Now that the reports are out on the New York Jets asking D’Brickashaw Ferguson to take a pay cut, what does it mean for the franchise?
By Matt Barbato
The New York Jets are strapped for cash and have asked one of the franchise’s cornerstone players to make a major sacrifice.
This request shouldn’t surprise anyone and may be viewed as an inevitable plea. Ferguson, 32, carries a cap hit of $14.1 million in 2016, the third-highest cap charge on the team. The Jets have the least cap space in the league, according to Spotrac.com, and need any money they can scrounge together to round out the roster and re-sign Fitzpatrick.
Ferguson has been a true professional during his 10-year career. He will likely get inducted into the Jets Ring of Honor someday and has represented the franchise impeccably on and off the field. But the three-time pro bowler has fallen off as of late and is no longer a premier offensive tackle. Ferguson’s 32.7 overall grade from Pro Football Focus ranked 60th among all offensive tackles.
Of course, Ferguson does not have to take a pay cut and who could blame him?
For a franchise riddled with mediocrity, Ferguson has been nothing but consistently reliable for most of his career and can still hold his own as a starting left tackle. However, Ferguson could risk getting cut entirely if he does not have his contract restructured. The Jets would save $9.873 million by cutting Ferguson and would eat only $4.233 million in dead cap space by cutting him.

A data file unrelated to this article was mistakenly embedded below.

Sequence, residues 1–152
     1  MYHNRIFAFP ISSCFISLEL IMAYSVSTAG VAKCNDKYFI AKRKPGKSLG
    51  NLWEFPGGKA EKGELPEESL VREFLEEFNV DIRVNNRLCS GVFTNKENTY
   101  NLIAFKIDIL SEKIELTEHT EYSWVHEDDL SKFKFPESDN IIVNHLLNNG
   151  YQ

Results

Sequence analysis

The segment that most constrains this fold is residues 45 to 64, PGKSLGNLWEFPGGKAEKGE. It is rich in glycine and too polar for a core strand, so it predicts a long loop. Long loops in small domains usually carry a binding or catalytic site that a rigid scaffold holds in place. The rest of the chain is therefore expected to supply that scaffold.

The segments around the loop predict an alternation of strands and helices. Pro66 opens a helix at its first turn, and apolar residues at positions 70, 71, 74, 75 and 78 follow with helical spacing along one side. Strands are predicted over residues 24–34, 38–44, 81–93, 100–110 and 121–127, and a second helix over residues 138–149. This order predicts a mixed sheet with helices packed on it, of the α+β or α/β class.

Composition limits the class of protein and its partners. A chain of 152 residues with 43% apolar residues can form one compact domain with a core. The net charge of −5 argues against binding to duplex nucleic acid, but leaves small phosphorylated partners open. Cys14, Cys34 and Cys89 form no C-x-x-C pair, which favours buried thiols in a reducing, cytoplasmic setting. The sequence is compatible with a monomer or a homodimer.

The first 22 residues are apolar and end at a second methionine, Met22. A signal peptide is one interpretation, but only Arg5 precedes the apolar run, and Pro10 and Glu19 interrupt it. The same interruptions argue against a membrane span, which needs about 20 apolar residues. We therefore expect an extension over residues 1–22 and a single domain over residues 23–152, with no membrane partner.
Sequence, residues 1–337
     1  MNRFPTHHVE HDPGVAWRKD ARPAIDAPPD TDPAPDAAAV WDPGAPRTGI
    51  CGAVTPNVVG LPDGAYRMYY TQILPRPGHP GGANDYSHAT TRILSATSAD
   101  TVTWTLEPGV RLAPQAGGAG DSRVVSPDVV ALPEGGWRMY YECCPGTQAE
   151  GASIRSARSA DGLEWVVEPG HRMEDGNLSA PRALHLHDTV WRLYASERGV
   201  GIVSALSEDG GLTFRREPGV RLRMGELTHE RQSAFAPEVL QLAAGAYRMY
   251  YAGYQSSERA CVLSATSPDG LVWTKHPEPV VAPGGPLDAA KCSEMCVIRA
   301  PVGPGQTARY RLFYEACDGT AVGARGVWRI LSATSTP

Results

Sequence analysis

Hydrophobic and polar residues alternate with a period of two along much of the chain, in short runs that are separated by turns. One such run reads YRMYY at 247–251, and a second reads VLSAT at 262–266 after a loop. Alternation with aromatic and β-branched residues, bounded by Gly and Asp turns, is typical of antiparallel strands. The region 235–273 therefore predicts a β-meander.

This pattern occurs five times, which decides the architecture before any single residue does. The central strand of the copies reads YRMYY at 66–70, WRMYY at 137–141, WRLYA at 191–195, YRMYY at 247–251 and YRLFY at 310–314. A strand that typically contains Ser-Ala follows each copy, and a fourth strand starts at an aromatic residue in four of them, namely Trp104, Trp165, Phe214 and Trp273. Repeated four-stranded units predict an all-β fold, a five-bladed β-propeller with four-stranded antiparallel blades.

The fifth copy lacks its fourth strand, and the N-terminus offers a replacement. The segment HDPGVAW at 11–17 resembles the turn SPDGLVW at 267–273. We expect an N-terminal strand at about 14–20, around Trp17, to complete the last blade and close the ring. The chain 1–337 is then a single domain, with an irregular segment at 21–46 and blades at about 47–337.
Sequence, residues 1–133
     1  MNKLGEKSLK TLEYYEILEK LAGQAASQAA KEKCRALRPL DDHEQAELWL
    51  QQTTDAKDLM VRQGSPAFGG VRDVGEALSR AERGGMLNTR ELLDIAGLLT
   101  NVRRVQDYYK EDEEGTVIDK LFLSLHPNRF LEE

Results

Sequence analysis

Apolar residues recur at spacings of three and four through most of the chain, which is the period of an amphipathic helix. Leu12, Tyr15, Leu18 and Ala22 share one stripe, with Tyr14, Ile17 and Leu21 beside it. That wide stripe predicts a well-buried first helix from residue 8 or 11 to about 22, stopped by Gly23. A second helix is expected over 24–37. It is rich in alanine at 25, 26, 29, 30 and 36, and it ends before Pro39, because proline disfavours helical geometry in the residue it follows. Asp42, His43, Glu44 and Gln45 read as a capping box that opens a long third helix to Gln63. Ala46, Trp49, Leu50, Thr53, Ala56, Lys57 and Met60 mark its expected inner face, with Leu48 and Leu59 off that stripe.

Even though re-signing Fitzpatrick might be the top priority for GM Mike Maccagnan, restructuring Ferguson’s contract wouldn’t completely solve that problem.
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Say the Jets cut Ferguson’s 2016 salary in half: That would give them about $7.7 million in cap room. The Jets have reportedly offered Fitzpatrick a lowball contract in the realm of $7 million per year, so cutting Ferguson’s salary in half wouldn’t give them much more wiggle room.
Fitzpatrick’s camp seems set on getting a contract similar to the two-year, $36 million deal Sam Bradford inked with the Philadelphia Eagles and they aren’t wrong to do so. Given this inflated quarterback market, it’s hard to chastise anyone (especially a journeyman such as Fitzpatrick) to seek market value after coming off of a career year.
The Jets may assume Fitzpatrick comes crawling back to their number, but they also have to be careful of losing Fitzpatrick entirely. This is why Ferguson’s contract is vastly important this offseason. The Jets must find the cash to bring Fitzpatrick back or else risk find a way to win with a quarterback group featuring Geno Smith, Bryce Petty and a rookie or mediocre veteran.
Every move the Jets have made during this pivotal offseason has tied into another. Whether Ferguson takes a pay cut or not, the dominos will fall correspondingly once again.